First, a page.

The new mission of the Delegation of the Oblates of Mary Immaculate in Madagascar, “Befasy”, is located in the Diocese of Morondava, 50 km from the capital of the Southwest Region of the island. At the mission, we have a church under the patronage of Saint Therese of the Child Jesus but we also have three chapels in the bush. At the beginning of our mission (November 27, 2016), there were only about forty practicing Catholics in Befasy but today, there are up to two hundred on Sunday. It should be noted that in this part of the island, the use of gris-gris (a “magic” amulet) is still commonly used for cures, etc.…

Most people in this region of Menabe are, in general, Sakalavas. But we can also encounter tribes such as the Antandroy, Vezo, Betsileo, Merina, Mahafaly … Because of this, there are many customs and traditions in Befasy. But here we will only mention one, the breeding of zebu cattle. These are important in the traditions of this region because they are a mark of wealth, of strength, and are commonly used for feasts. For some tribes, stealing cattle is part of the culture. A man has to steal cattle before he gets married to show maturity and strength, to show everyone that he is able to protect his future family. In fact, being a “dahalo” (zebu thief) is not a crime for them because there is no resorting to violence against human life. Previously, the villagers distinguished between a “zebu thief” (dahalo) and “bandits”, that is to say those who kill people.

Since we moved into this village, we have noticed that the security situation has completely deteriorated. According to the villagers, before, Befasy was never attacked by bandits; there was peace because it was their village. But that changed little by little. Now the bandits have begun to enter the village, stealing at least forty zebu, using rifles, whistles, screams, and gris-gris. Sometimes they announce that they will come on a certain day and at what time they will attack the village. The worst thing is that they kill people, carry out revenge and even do kidnappings for as much as 500,000 MGA (156 USD). That’s what happened in January in a village called Antevamena.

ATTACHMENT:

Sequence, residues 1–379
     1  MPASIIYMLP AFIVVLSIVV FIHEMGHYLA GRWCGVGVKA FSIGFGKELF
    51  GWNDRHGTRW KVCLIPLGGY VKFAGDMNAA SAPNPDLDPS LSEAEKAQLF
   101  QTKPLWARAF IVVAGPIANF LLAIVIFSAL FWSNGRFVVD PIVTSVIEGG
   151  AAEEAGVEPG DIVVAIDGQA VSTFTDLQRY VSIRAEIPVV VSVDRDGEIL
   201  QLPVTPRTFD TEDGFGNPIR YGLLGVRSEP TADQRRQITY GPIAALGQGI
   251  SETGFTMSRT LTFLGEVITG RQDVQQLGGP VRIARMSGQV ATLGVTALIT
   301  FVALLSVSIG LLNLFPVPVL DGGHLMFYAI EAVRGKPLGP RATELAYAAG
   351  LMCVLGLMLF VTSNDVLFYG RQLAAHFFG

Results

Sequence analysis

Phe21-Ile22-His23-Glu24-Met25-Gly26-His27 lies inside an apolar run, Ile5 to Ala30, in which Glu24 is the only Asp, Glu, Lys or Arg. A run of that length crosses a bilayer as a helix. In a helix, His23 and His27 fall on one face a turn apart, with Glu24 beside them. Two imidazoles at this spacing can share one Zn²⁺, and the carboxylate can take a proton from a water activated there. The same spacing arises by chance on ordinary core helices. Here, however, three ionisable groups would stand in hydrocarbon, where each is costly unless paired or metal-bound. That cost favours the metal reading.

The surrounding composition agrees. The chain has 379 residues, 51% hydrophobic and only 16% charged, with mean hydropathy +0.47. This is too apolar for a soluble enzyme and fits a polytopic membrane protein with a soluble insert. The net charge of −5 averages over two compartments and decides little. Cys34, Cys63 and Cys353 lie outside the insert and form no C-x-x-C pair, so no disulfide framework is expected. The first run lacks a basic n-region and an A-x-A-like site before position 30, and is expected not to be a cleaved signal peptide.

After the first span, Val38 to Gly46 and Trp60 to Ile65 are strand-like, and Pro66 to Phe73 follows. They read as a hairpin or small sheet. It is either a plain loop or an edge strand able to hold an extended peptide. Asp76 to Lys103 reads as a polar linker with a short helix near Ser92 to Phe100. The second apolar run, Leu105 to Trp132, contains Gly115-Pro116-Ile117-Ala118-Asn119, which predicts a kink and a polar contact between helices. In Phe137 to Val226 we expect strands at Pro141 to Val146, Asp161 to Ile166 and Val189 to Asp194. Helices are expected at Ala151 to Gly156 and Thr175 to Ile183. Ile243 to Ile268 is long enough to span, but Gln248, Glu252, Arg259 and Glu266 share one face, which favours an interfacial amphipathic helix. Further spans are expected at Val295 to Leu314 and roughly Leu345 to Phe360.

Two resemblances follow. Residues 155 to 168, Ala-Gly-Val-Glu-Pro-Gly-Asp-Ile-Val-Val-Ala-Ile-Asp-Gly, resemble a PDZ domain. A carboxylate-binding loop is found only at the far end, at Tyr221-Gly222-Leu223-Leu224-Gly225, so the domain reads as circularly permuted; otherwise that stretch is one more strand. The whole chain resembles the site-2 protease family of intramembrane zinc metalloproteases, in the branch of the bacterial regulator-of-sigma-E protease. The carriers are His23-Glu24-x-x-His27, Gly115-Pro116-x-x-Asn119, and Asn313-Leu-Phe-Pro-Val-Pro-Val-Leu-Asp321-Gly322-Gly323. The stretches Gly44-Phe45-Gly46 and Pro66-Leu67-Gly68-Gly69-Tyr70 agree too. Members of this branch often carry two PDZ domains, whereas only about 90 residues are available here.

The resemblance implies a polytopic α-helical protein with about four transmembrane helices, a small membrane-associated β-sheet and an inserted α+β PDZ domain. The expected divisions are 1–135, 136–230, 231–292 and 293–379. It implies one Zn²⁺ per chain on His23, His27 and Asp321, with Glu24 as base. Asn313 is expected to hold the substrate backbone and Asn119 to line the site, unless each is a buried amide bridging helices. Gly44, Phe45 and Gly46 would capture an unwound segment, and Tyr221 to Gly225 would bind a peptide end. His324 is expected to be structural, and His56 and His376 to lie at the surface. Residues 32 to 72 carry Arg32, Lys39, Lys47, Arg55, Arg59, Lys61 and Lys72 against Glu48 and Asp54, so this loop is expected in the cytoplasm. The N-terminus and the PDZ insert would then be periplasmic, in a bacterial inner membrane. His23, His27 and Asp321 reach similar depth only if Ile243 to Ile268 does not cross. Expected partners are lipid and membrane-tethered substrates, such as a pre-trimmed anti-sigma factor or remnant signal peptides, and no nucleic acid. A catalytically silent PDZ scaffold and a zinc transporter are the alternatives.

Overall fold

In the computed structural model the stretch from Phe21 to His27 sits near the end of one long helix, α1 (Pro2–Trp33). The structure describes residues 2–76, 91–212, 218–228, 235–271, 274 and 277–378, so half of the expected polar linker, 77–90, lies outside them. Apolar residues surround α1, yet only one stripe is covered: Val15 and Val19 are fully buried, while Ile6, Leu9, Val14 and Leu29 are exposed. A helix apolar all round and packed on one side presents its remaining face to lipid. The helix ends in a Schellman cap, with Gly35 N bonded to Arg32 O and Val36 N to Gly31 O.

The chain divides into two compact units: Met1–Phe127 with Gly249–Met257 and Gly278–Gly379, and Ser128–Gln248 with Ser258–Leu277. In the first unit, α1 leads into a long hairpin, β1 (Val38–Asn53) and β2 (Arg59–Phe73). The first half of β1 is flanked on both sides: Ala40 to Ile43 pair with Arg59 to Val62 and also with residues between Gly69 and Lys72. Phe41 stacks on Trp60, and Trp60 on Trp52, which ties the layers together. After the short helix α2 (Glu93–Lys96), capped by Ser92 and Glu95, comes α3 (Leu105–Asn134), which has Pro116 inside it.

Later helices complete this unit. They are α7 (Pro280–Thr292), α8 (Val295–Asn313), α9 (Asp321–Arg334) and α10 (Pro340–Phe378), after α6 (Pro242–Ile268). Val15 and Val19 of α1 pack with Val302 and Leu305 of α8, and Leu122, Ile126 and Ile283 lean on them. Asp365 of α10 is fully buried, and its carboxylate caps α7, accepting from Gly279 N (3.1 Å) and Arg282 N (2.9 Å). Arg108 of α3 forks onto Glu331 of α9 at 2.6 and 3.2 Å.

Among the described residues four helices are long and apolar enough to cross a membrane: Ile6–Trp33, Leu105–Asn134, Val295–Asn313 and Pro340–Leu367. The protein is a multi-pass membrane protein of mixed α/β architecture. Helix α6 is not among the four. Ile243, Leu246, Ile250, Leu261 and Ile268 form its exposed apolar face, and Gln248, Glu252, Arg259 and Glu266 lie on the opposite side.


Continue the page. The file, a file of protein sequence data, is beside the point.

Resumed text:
The last time (on March 7, 2018), they caught a bandit whom they had sought for a week. The reason is that he burgled a family and stole 300,000 MGA (94 USD), a 50kg bag of rice and 8 jars; then he hit the mother of the family on the head and killed a child with an axe.

The rural commune of Befasy has a police station containing a dozen policemen but one could say that they are all corrupt and sometimes do not even participate in the arrest of bandits along with the people. Indeed, the people no longer have confidence in them. During the month of December and January (considered a very dangerous period), the police station requested reinforcements. Hence, instead of there being a dozen, there were twenty on the spot but that did not change anything.

This lack of responsibility on the part of the police has led the people to establish their own defense and their own law. If they caught bandits, they immediately executed them without asking the permission of the police or the civil authorities. They killed the bandits either with rifles or with their own hands (cutting off their heads or crushing them with axes). This was done to every one of them and without mercy.

Since our arrival, we have counted up to six executions but we will tell of only one. This was a young man arrested for robbery. The people wanted to kill him, but his father intervened. He managed to save his son from the peoples’ anger by making a deal. Unfortunately, the young man again began to steal several times so that finally the father was tired of saving him. The father himself executed his own son with an axe.

The other self-defense managed by the people is the creation of several groups who patrol each night. They take turns at guard duty to ensure safety. They are called “columns”. Despite the initiatives taken by the population, our town asked for military aid anyway and we received three new policemen under a one-year contract. These are paid 400,000 MGA (125 USD) per month through the contribution of each family. These policemen patrol with the “columns” and this gives us a bit of stability. On the other hand, each family has purchased at least one rifle for their defense at home, despite the fact that it is prohibited by law.

Regarding our mission, thanks be to God, so far, the bandits are afraid of the Church and the religious. There has been no attack on our house or on our church. People even fled to our church to be safe. This shows us that God alone is our protection and our help in the face of insecurity. To conclude my sharing, I ask you to always pray for our mission, for its safety and for safety throughout Madagascar. Praised be Jesus Christ and Mary Immaculate. (Fr. Marek OCHLAK, pastor at Befasy in OMI Bulletin, March 2018)